“The only way home is winning,” states Captain Mitch Nelson (Chris Hemsworth) to his Chief Warrent Officer, Cal Spencer (Michael Shannon). In the new war drama, 12 Strong, based on real events, Nelson heads a team of U.S. Special Forces who, with the assistance of CIA paramilitary officers, are sent to Afghanistan to face the Taliban, just weeks after the September 11 attacks in 2001. In the end, there are several things you can take from the film, but ultimately, winning is what it’s really about.
The film is based on a true story, a declassified true story, with events largely unknown until author Doug Stanton wrote his book Horse Soldiers, based upon the governmental information released years after the event. It’s certainly a fascinating tale, and one that deserves to be told – heroism and sacrifice for the greater good must always be acknowledged – but there’s something cloudy in this particular telling.
Considering the hell this group of Army Green Berets went through (they were Operational Detachment Alpha 595) and what they finally accomplished, there’s no taking away the impact of their achievement. They brought home the bacon, so to speak, even if they couldn’t talk about it once they arrived back on American shores. But even though what they achieved struck a temporary blow against the Taliban, once the film is over and the cheers of an appreciative theater audience watching a win for the good guys subside, when you look at the bigger picture, you can’t help wondering exactly how much of a blow was really accomplished. It’s seventeen years later, and the problems of Afghanistan remain; the Taliban still exists.
In its favor, the film is not the obvious flag-waver some might expect, even though audiences overseas will undoubtedly see it that way. From the poster and much of the advertising hype, marketing has presented an impression of Americans gloriously charging for the greater good into battle on horseback. Perhaps there’s no coincidence that their home-base in the Afghan desert is called The Alamo. But even though there is a charge, it doesn’t come with quite the gung ho, grandstanding cheers the poster leads you to expect. Those men were on horseback because it was the only way of getting to the point where they needed to be. This is no foolhardy Charge of the Light Brigade, where honor and glory eclipsed good sense and battlefield logic. For these men and the task they were given, there was no other way.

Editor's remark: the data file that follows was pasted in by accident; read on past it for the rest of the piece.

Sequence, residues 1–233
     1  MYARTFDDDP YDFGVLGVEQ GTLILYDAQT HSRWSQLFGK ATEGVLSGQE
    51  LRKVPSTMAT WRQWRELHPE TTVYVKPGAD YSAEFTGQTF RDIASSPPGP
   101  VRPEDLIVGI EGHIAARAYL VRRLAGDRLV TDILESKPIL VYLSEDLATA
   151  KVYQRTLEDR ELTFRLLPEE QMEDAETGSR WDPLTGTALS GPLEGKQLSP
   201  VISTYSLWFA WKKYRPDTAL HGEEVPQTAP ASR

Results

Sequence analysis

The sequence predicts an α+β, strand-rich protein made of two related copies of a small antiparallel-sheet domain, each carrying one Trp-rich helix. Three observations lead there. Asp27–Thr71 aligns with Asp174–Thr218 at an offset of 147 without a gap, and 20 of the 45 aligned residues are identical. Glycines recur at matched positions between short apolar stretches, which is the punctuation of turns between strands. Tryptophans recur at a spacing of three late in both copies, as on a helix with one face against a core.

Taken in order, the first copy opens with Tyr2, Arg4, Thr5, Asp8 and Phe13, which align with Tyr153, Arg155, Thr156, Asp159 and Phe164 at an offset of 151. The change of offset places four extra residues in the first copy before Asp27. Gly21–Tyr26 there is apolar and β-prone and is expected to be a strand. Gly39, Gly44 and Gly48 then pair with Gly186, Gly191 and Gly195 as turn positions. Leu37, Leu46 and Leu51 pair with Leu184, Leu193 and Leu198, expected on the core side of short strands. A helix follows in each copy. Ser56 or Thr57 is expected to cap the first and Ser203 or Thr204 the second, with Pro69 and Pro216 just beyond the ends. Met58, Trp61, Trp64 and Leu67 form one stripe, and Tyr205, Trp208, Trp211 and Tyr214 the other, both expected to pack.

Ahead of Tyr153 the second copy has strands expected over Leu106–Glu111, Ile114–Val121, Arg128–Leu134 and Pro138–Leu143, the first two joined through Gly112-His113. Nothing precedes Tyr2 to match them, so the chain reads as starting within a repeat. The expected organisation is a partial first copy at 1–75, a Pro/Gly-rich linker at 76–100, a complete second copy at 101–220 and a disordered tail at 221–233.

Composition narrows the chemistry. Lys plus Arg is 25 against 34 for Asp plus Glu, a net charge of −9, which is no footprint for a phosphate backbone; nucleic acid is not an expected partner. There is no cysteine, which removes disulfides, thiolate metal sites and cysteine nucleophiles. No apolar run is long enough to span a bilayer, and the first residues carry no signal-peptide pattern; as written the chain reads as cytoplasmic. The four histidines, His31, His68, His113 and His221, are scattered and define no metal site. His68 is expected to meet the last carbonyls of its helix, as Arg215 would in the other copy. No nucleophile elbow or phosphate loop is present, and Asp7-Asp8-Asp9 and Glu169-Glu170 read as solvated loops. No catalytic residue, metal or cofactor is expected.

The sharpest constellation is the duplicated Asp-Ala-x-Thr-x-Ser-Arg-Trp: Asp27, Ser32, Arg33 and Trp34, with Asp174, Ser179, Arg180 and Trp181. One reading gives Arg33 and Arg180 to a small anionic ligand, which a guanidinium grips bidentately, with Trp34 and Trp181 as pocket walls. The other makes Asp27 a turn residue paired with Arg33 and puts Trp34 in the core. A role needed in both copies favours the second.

The assignment is presented simply, even if the ability to accomplish it was not. The 12 strong force of Americans land in Afghanistan where they team up with a Northern Alliance warlord, General Abdul Rahid Dostrum (Navid Negahban). Together, their aim is to capture the desert city of Mazar-i-Sharif, a Taliban stronghold. But in order to get there, the force needs to battle its way through several smaller villages, capturing each one along the way until the allies finally reach their target. It’s an epic story, and one that should be told, but it’s in this particular telling where the film lets itself down. The intentions of 12 Strong are honorable, but what may have the heart of a real-life drama with an opportunity to get to know the lives of the men involved, ultimately comes across as simply a surface tale, told with video game sensibilities. Producer Jerry Bruckheimer knows a young audience. He knows what it wants and what it doesn’t want, and it doesn’t want Lawrence of Arabia.
Each village the team faces is akin to a game level, with points earned along the way until the fighters finally get to where they need to be in order to win. The final confrontation is impressive (all the more impressive knowing that it actually occurred), but there’s a lot on the battlefront that takes place long before Mazar-i-Sharif, and it doesn’t tell a story. 12 Strong doesn’t appear interested in the smaller, more interesting human details, which is what this story should really be about. It relates action.
None of the men have any experience riding horses, and are shocked to find that horseback will be their only mode of transport, yet there’s not a moment seen where the inexperienced riders grapple with their clumsiness; they simply get on and ride off into the desert. Clearly, director Nicolai Fuglsig’s film isn’t interested in the details, or exploring the depth of character required to fully appreciate how it felt for these men to be where they were; he just needs to put all the players where they physically need to be in order to fight, and then fight some more. As portrayed in the film, Hemsworth’s captain is right; the only way home for these men is winning, and in this big screen version of the tale, the only way to win is to play the game.
MPAA rating: R Length: 130 Minutes Overall Rating: 6 (out of 10)